Euro 2020 Group B preview: Squads, Live Streams, How to Watch Belgium, Denmark, Finland, Russia

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Euro 2020 Group B

Group B of the Euro 2020 tournament has Belgium, Denmark, Finland, and Russia facing each other for the chance to advance. Group B play begins on Saturday, June 12 with Denmark will host Finland in Copenhagen at 11:30 AM EST inside Parken Stadium. Belgium and Russia will be next, played at Krestovksy Stadium in Saint Petersburg, Russia.

Tournament Details

WhatUEFA Euro 2020 Tournament
WhenFriday, June 11 - Wednesday, July 7, 2021
WhereStadiums across Europe
Who24 teams in Group Stage
TV BroadcastESPN, Univision, TUDN (USA)
Live StreamPremiumTV (Worldwide)

Belgium

Highly regarded as one of the stronger teams, if not the strongest, in the tournament, Belgium has high hopes for the Euros this year. The last time at this tournament in 2016, the team had a strong stretch of three matches from the group stage through the Round of 16 where they shut out their opponents. In their losing efforts, however, they gave up a combined five goals, including three to Wales in their quarter-final loss.

Time and experience can be the greatest teacher, and goalkeeper Thibaut Courtois was coming off of his worst domestic league season as a professional in the spring of 2016. It’s not like he put up a bad showing at the Euros, just not of title caliber. He got things worked out and has mostly returned to form, allowing just three international goals in nine 2020-2021contests. Of those nine matches, he’s turned in seven clean sheets.

A question mark for the Belgians is going to be the status of midfielder Kevin De Bruyne. The English Premier League’s back-to-back PFA Player of the Year is with the team after suffering an orbital bone and nose bone fracture at the end of last month in the Champions League Final. The intense, unpredictable nature of the sport, without headgear, prevents him from taking the pitch. No timetable is set for his return to action.

Belgium Squad

Goalkeepers: Thibaut Courtois (Real Madrid), Simon Mignolet (Club Brugge), Mats Selz (Strasbourg)

Defenders: Jan Vertonghen (Benfica), Toby Alderweireld (Tottenham Hotspur), Thomas Vermaelen (Vissel Kobe), Dedryck Boyata (Hertha Berlin), Jason Denayer (Lyon)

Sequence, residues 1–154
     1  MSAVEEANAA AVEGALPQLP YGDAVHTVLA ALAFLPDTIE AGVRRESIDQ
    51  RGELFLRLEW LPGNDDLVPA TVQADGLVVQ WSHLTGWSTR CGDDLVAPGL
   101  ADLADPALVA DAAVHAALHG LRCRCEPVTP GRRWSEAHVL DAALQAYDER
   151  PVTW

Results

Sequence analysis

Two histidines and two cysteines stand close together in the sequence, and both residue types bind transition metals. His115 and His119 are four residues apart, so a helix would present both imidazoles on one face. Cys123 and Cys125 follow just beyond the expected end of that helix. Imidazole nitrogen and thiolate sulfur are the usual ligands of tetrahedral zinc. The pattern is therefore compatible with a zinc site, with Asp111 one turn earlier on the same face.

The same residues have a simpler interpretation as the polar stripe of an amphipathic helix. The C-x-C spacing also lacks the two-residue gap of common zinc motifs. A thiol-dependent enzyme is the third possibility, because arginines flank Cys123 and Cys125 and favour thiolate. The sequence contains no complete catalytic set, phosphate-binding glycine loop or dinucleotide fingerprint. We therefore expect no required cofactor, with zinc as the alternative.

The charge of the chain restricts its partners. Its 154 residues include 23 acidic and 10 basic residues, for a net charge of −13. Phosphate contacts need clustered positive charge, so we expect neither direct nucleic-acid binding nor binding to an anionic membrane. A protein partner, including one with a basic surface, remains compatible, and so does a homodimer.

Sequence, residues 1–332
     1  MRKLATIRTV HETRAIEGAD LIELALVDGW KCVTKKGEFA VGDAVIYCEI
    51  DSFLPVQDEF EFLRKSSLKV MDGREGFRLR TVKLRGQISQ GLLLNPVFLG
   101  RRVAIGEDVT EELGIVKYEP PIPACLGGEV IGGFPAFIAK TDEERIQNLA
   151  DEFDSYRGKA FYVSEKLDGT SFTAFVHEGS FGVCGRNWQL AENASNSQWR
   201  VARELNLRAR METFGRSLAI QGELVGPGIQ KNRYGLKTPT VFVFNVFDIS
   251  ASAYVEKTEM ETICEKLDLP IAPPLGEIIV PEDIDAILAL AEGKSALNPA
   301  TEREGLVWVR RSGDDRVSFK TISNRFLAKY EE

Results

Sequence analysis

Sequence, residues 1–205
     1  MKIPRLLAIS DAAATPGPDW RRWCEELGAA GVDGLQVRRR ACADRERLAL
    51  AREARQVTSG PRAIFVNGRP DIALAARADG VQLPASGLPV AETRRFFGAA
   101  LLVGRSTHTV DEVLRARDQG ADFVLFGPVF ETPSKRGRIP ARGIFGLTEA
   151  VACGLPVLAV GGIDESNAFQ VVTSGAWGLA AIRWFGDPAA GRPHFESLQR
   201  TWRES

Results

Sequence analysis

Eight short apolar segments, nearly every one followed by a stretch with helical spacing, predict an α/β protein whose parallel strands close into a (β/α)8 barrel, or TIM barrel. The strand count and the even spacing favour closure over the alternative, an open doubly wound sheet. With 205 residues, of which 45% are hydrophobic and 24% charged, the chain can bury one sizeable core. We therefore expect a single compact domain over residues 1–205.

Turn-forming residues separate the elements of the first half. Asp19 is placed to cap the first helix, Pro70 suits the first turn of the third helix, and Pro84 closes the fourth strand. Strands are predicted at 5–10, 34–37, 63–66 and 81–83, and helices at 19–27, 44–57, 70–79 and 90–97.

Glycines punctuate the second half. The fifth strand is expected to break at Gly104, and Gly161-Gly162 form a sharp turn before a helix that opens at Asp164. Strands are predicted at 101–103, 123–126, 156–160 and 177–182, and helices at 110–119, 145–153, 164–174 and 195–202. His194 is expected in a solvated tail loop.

Midfielders: Leander Dendoncker (Wolverhampton Wanderers), Timothy Castagne (Leicester City), Thomas Meunier (Borussia Dortmund), Kevin De Bruyne (Manchester City), Nacer Chadli (Istanbul Basaksehir), Yannick Carrasco (Atletico Madrid), Youri Tielemans (Leicester City), Thorgan Hazard (Borussia Dortmund), Axel Witsel (Borussia Dortmund), Dennis Praet (Leicester City), Hans Vanaken (Club Brugge)

Forwards: Dries Mertens (Napoli), Romelu Lukaku (Internazionale), Christian Benteke (Crystal Palace), Michy Batshuayi (Crystal Palace), Eden Hazard (Real Madrid), Jeremy Doku (Rennes), Leandro Trossard (Brighton & Hove Albion)

Denmark

Denmark is set to make their return to the UEFA Euros for the first time since 2012, after failing to qualify in 2016. In fact, the Danes have advanced past the qualifiers in just one international event since 2012; they reached the Round of 16 against Croatia in 2018.

One tie from that 2012 team is Christian Eriksen, who was 19 years old on that first team, and now is a 28-year-old leader. It was Eriksen and his five total goals in the Euro Qualifiers that are partly responsible for Denmark returning to the tournament. He also assisted on three more of Denmark’s 23 goals through the eight-match stage. Joining him on the offensive are Martin Braithwaite and Jonas Wind, both of who are coming into their own despite being six years apart in age. Goalkeeper Kasper Schmeichel will do his best too to keep the pressure off of the scoreboard by continuing to stop opponents. In the qualifiers, he recorded an 82.4 save percentage and four clean sheets in seven appearances.

Denmark Squad

Goalkeepers: Kasper Schmeichel (Leicester City), Jonas Lossl (Midtjylland), Frederik Ronnow (Schalke)

Defenders: Jannik Vestergaard (Southampton), Simon Kjær (AC Milan), Daniel Wass (Valencia), Joakim Mæhle (Atalanta), Andreas Christensen (Chelsea), Nicolai Boilesen (Copenhagen), Joachim Andersen (Fulham), Jens Stryger Larsen (Udinese), Mathias Jørgensen (Copenhagen)